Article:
Balance Sheet

Balance Sheet is the financial statement of a company which includes assets, liabilities, equity capital, total debt, etc. at a point in time. Balance sheet includes assets on one side, and liabilities on the other. For the balance sheet to reflect the true picture, both heads (liabilities & assets) should tally (Assets = Liabilities + Equity).

Description: Balance sheet is more like a snapshot of the financial position of a company at a specified time, usually calculated after every quarter, six months or one year. Balance Sheet has two main heads –assets and liabilities.

Let’s understand each one of them. What are assets? Assets are those resources or things which the company owns. They can be divided into current as well as non-current assets or long term assets.

Liabilities on are debts or obligations of a company. It is the amount that the company owes to its creditors. Liabilities can be divided into current liabilities and long term liabilities.

Another important head in the balance sheet is shareholder or owner’s equity. Assets are equal to total liabilities and owners’ equity. Owner’s equity is used when the company is a sole proprietorship and shareholders’ equity is used when the company is a corporation. It is also known as book value of the company.

Let’s understand reporting of a transaction on a balance sheet. If a company XYZ takes a five-year loan from public sector banks for an amount of Rs 5,00,000, it means that the bank will pay the money to XYZ Ltd.

The accounts department will increase the cash component by 5,00,000 on the assets front, and at the same time increase the long term debt account with the same amount, thus balancing both the sides.

If company raises Rs 10,00,000 from investors, then its assets will increase by that amount, as will its shareholder’s equity.

The balance sheet is the most important of the three main financial statements used to illustrate the financial health of a business. The other two are:

The Income Statement which shows net income for a specific period of time, such as a month, quarter, or year. Net income equals revenue minus expenses for the period.

The Cash Flow Statement which shows the movements of cash and cash equivalents in and out of the business. Chronic negative cash flows are symptomatic of troubled businesses.

Incorporated businesses are required to include balance sheets, income statements and cash flow statements in financial reports to shareholders and tax and regulatory authorities. Preparing balance sheets is useful for monitoring the health of the business.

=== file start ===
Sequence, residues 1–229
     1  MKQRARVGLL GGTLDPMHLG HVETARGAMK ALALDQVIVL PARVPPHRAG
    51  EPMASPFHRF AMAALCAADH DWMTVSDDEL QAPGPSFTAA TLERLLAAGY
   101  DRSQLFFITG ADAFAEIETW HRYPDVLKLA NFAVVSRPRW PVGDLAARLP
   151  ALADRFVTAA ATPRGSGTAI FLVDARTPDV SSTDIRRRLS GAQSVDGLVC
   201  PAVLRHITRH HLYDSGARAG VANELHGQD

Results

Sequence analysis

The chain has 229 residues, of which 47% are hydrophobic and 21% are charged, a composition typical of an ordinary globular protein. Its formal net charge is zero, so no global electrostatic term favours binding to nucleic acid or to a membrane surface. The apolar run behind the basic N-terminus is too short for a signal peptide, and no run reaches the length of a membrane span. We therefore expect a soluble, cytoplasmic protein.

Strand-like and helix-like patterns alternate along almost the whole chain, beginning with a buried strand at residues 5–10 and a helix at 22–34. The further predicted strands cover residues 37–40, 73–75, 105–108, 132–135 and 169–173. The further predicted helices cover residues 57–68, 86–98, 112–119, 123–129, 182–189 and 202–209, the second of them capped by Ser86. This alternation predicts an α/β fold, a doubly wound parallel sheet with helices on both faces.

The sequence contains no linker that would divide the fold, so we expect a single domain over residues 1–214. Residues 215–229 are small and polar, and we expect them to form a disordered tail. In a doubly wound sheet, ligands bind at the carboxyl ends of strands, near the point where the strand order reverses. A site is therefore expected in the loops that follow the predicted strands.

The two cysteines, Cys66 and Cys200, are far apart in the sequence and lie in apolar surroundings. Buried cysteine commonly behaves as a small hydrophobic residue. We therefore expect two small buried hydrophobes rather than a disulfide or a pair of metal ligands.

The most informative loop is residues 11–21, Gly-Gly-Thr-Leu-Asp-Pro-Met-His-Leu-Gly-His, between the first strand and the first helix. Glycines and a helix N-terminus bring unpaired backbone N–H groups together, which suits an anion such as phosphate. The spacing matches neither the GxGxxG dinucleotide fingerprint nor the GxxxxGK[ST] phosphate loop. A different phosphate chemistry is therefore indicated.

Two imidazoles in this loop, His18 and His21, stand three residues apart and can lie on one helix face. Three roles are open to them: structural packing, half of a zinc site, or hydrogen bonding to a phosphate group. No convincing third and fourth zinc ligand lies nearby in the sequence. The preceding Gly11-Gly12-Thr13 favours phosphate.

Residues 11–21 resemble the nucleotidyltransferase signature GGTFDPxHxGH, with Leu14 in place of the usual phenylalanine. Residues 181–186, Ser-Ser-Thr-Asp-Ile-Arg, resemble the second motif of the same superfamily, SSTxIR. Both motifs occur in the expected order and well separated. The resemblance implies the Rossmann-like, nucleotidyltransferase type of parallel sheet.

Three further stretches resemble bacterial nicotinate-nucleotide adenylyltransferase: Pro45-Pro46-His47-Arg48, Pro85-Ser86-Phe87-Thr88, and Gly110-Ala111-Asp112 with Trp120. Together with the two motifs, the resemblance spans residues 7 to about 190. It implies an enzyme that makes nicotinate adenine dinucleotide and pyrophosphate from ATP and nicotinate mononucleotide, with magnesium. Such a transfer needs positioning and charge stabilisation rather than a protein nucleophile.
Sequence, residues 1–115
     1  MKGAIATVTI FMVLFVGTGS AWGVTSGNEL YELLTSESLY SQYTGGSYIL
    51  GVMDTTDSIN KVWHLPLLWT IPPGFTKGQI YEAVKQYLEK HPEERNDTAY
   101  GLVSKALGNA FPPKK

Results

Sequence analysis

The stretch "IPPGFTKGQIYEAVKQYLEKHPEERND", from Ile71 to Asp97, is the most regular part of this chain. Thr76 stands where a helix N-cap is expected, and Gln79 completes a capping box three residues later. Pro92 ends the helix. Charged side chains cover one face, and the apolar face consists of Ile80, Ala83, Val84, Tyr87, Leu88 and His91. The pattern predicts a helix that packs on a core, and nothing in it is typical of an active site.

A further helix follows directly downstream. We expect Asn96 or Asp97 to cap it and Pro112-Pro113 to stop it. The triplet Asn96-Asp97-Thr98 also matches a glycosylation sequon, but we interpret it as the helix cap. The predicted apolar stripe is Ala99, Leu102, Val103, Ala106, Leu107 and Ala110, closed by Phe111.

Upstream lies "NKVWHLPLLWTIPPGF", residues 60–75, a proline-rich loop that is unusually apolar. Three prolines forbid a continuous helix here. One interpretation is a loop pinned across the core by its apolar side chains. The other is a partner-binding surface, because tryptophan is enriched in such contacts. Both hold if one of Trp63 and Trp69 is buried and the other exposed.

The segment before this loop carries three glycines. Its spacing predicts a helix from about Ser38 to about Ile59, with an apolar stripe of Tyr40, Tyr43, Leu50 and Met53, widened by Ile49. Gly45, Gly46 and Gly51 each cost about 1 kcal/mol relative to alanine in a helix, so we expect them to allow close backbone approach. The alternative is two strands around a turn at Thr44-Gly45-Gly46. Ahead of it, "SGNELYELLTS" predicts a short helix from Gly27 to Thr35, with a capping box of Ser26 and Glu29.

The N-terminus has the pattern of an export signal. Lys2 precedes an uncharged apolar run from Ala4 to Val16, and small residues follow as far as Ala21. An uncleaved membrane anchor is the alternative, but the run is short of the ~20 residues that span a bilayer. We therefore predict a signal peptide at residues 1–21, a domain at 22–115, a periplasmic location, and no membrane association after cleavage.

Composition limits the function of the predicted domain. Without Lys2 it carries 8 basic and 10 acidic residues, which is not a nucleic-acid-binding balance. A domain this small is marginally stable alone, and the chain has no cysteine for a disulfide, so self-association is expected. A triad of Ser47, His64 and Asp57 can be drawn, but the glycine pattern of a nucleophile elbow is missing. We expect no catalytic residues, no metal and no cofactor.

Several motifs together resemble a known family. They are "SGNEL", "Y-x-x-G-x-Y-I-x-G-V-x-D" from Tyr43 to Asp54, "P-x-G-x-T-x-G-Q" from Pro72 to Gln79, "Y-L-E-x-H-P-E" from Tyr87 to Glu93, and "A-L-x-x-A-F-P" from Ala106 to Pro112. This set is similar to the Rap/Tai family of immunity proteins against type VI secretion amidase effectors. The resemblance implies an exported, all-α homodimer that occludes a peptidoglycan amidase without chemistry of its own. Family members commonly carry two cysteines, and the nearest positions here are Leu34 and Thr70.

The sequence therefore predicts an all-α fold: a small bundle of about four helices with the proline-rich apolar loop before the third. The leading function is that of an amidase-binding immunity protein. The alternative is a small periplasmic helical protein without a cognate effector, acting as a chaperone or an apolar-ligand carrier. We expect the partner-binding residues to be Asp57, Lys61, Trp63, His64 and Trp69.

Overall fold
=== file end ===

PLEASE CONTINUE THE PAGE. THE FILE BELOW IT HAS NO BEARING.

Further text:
An up-to-date and accurate balance sheet is essential for a business owner looking for additional debt or equity financing, or who wishes to analyse the business and needs to determine its net worth.

All accounts in your general ledger are categorized as an asset, a liability or equity.

The relationship between them is expressed in this equation:

Assets = Liabilities + Equity

The items listed on balance sheets vary from business to business depending on the industry, but in general, the balance sheet is divided into the following three sections:


As in the balance sheet example shown below, assets are typically organized into liquid assets — those that are cash or can be easily converted into cash within a period of 12 months and non-liquid assets that cannot quickly be converted to cash such as land, buildings and equipment.

The list of assets may also include intangible assets, which are much more difficult to value.

Generally accepted accounting principles (GAAP) guidelines only allow intangible assets to be listed on a balance sheet if they are acquired assets with a lifespan and a clearly identifiable fair market value (the probable price at which a willing buyer would buy the asset from a willing seller) that can be amortized. These are reported on the balance sheet at the original cost minus depreciation.


Liabilities are funds owed by the business and are broken down into current and long-term categories. Current liabilities are those due within one year and include items such as:

Accounts payable (supplier invoices)


Income tax provisions

Customer deposits (advance payments for goods or services to be delivered)


Temporary loans, lines of credit or overdrafts


Maturing debt

Sales tax and/or goods and services tax charged on purchases

Long-term liabilities are any that are due after a one-year period. These may include deferred tax liabilities, any long-term debt such as interest and principal on bonds, and any pension fund liabilities.


Equity, also known as shareholders’ equity, is that which remains after subtracting the liabilities from the assets. Retained earnings are earnings retained by the corporation — that is, not paid to shareholders in the form of dividends.

Retained earnings are used to pay down debt or are otherwise reinvested in the business to take advantage of growth opportunities.

While a business is in a growth phase, retained earnings are typically used to fund expansion rather than paid out as dividends to shareholders.

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